TV junkies

Students with a TV in the bedroom score lower on standardized tests; those with a home computer score higher. OK, not a shock, but the differences are significant. Stanford and Johns Hopkins researchers found an 8 to 10 percent decline in scores for third graders with their own TV; computer users scored 7 to 9 percent higher.

Researchers speculate that parents who give their child computer access value educational achievement more than parents who provide a personal TV. But in the California study, 71 percent of children had their own TV.

A Seattle study found TV watching before the age of three correlates with lower test scores when children reach school age. However, older children learn from educational TV programs, the study concluded.

A New Zealand study, controlled for IQ, socioeconomic status and early childhood behavior problems, found heavy TV watchers were more likely to leave school without a diploma.

My guess is that kids who watch a lot of TV necessarily watch a lot of junk and have less time for active playing.

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  1. The study did NOT contrast students who have a TV in the bedroom with students who have a computer in the bedroom. It compared a bedroom TV with home computer ACCESS, that is, there was at least one computer in the home, and the kids were allowed some use of it.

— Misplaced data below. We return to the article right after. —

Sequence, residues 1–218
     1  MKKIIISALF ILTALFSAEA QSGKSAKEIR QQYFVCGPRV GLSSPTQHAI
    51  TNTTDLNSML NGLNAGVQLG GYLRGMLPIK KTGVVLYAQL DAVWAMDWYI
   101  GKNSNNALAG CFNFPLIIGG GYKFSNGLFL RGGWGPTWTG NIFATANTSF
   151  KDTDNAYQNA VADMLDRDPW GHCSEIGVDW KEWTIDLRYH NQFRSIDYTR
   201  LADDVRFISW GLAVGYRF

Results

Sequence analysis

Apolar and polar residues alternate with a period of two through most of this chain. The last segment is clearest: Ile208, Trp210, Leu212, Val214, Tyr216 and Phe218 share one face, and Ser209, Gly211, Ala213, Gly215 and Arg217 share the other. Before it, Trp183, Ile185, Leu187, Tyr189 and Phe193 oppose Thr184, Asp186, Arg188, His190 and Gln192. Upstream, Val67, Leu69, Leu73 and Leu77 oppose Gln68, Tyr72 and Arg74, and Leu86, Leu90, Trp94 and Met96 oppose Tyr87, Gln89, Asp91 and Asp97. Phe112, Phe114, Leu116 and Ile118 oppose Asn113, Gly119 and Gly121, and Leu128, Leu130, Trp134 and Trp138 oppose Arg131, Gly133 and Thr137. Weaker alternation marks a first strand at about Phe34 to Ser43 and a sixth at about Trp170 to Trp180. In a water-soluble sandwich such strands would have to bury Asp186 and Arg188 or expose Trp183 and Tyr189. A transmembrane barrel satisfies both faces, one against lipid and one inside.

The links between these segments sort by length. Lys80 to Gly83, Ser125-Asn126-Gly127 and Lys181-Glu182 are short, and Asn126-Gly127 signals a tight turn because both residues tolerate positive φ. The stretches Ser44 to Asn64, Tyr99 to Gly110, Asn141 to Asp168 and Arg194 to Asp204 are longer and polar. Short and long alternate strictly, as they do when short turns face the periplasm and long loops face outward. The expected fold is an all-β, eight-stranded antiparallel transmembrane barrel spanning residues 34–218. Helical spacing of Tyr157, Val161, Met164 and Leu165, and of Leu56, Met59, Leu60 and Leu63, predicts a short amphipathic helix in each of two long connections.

2. I think dumping a TV in your kid’s room is often a sign of lazy parenting–the TV serves as a babysitter, and a pretty poor one at that.

    I had a parent, on open school night, tell me the reason his son was failing was his habit of locking himself in the room and watching the TV.

    I told him to take the TV away.

    “Oh, I couldn’t do that,” he said. And the results were predictable. Parents who can’t say no to their kids, like teachers who can’t say no to their students, are doomed.

  3. You’re right, Julia K. I’ve fixed the post.

  4. Margaret says:

    DH & I decided early on that there was going to be exactly one television in our house, out in the family room. We actually did it more from the point of view of fostering family time together (not necessarily clustered ’round the idiot box, mind you) rather than everyone retreating back to “their own” room to watch “their own” show. It’s interesting that this also pays off academically…

  5. My son has a tv in his room at his mother’s house and a computer in his room at our house. I wonder how he’d be counted in this survey.